Metacity and D-Bus

Zarko Drincic - The Electric Bus (Awarded by National Geographic Magazine) GNOME bug 531512 suggests that Metacity should have a D-Bus interface.  On the face of it, this is a good idea.  However, the problem lies in the existing EWMH specification, which allows a program to request operations from a window manager– simply put, it’s pretty much exactly what a D-Bus interface would be, but it already exists.  If we also exposed a D-Bus interface, even one called “org.freedesktop.WM” instead of “org.gnome.Metacity”, we wouldn’t be gaining anything we don’t already have, and then people would begin using it and their programs wouldn’t be compatible with other EWMH window managers.  So every WM that implements the EWMH would have to expose the same D-Bus interface, which sounds like a lot of work for not much return.  On the other hand, we could have a separate program which exposed a D-Bus interface which translated the methods into EWMH messages, and which could be used with any EWMH window manager.  Would that do as well?  What do you think, gentle reader?

Photo copyright Zarko Drincic, cc-by-nd.

Half-finished code finishing marathon time

I have several half-finished bits of code lying around.  I think I’ll make an effort to merge them in, at least in test branches, to see what people think.  (When we get a DVCS, this will be easier.)

  1. Veracity, a test suite.  This is about two-thirds done, but will require a bit of autotools magic to link into the main build process.  I may need some help with that.
  2. Window matching: something to remember window positions across sessions.  There’s been a few requests for it recently (most recently , Launchpad bug 311615).  We’ve always said we wouldn’t do this, but maybe there’s no harm done in trying it in a branch as an experiment.
  3. Opacity, a simple WYSIWYG theme editor.  About a quarter to a third of it is written.  Probably would be best to make this a separate project.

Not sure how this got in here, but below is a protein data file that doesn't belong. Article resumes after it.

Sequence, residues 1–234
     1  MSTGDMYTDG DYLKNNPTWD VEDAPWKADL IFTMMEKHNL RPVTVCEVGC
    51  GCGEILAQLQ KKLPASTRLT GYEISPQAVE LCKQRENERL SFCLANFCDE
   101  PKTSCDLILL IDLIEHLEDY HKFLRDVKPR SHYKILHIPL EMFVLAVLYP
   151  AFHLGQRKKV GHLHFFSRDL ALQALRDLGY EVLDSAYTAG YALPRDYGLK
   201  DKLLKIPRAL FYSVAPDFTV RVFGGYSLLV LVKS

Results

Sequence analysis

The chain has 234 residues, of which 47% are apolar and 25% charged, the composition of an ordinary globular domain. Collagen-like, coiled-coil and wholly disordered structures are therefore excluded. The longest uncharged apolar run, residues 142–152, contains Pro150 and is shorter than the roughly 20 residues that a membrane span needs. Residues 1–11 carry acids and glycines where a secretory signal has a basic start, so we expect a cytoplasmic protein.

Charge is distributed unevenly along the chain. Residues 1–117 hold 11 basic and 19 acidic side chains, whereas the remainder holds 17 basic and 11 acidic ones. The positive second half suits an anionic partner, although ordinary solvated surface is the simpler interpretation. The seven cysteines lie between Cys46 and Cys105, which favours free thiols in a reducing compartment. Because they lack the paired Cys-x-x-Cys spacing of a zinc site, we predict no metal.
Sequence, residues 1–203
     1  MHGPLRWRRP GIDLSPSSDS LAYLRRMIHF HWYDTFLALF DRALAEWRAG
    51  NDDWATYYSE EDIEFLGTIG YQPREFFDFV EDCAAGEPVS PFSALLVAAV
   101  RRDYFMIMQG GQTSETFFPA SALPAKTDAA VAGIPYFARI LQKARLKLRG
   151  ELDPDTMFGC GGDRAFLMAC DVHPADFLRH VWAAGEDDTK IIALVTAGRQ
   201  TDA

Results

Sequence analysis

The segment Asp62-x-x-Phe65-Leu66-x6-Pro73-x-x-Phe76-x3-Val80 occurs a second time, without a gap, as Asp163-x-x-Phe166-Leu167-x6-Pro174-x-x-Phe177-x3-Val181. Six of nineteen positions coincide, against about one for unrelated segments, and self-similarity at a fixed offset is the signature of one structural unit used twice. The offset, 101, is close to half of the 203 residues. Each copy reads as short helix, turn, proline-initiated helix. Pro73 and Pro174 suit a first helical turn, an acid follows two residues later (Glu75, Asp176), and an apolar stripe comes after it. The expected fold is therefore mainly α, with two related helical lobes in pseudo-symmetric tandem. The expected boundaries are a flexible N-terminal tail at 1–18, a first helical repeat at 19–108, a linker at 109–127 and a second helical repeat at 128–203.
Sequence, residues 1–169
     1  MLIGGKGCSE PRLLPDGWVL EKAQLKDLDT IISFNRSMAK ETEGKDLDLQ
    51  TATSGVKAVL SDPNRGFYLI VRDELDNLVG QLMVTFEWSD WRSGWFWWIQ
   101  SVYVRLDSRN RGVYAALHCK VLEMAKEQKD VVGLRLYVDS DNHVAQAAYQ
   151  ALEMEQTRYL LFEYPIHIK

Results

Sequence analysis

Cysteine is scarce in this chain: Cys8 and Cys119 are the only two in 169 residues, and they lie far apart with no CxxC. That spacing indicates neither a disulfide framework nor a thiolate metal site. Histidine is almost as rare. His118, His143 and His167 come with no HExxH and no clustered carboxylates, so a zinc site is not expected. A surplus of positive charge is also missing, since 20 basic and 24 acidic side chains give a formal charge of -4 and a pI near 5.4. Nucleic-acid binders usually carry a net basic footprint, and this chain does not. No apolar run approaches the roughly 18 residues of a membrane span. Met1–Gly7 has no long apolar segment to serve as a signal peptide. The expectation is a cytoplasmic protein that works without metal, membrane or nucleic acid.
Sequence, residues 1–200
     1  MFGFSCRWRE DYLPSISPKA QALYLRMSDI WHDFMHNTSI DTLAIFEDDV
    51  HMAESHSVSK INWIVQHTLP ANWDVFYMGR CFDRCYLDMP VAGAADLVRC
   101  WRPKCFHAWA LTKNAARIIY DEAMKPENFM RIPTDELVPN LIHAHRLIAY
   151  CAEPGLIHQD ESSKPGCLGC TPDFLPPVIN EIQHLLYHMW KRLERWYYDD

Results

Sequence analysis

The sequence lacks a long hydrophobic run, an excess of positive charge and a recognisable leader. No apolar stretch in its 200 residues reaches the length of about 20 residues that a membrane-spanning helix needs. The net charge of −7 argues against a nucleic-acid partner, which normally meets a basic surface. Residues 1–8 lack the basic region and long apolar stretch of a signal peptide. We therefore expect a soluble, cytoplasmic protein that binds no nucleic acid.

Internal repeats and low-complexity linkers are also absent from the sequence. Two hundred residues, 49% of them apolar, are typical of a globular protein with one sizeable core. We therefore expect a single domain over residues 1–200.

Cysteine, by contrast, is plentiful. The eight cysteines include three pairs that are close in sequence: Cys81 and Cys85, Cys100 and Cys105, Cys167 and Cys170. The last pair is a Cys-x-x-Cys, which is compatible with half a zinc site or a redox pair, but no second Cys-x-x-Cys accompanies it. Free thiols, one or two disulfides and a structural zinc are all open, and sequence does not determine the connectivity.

4. Actions.  The idea has often come up (e.g . GNOME bug 345233) that if there’s something you can bind a keystroke to, you should be able to put it into the window menu or make it a titlebar button or whatever.  This may be over-configurable, but there may be advantages of a simplified architecture in making it possible at all. There’s experimental code to do this, but it’s about half done.
  5. “Cringe”: how much can we avoid keeping in memory at once?  This is an answer to what I think is our oldest current bug , GNOME bug 144242.  Saving a few bytes here and there per window can really add up.  I’ve done a small amount of playing around with this, but more is needed.  Having Veracity working will really make this easier because then we’ll just be able to run a stress test inside valgrind.

Gentle reader, which should be moved out of Metacity Labs first?

Take that, Descartes

Die mosquito

Listen to this.

Here are two ideas with which I broadly agree:

  1. A theme format is less useful without a program to edit the theme files.  Having to modify XML by hand is not a prospect which most people relish.
  2. If there’s to be a third version of the Metacity theme format, it would be helpful if it was based around SVG, since theme files describe vector graphics and SVG has become a standard for such files.  It must not however sacrifice the ability of our current format to prevent themes making the computer unusable.

Back in August, I added simple SVG support to a branch of Metacity that I named “Vectacity“.  My project was shelved because of more urgent business elsewhere, but Iain has also done some work in this area.

In order to play around with the Vectacity format, I have since built a very simple version of an editor.  However, I have run into a theoretical problem for which I seek your insight, gentle reader.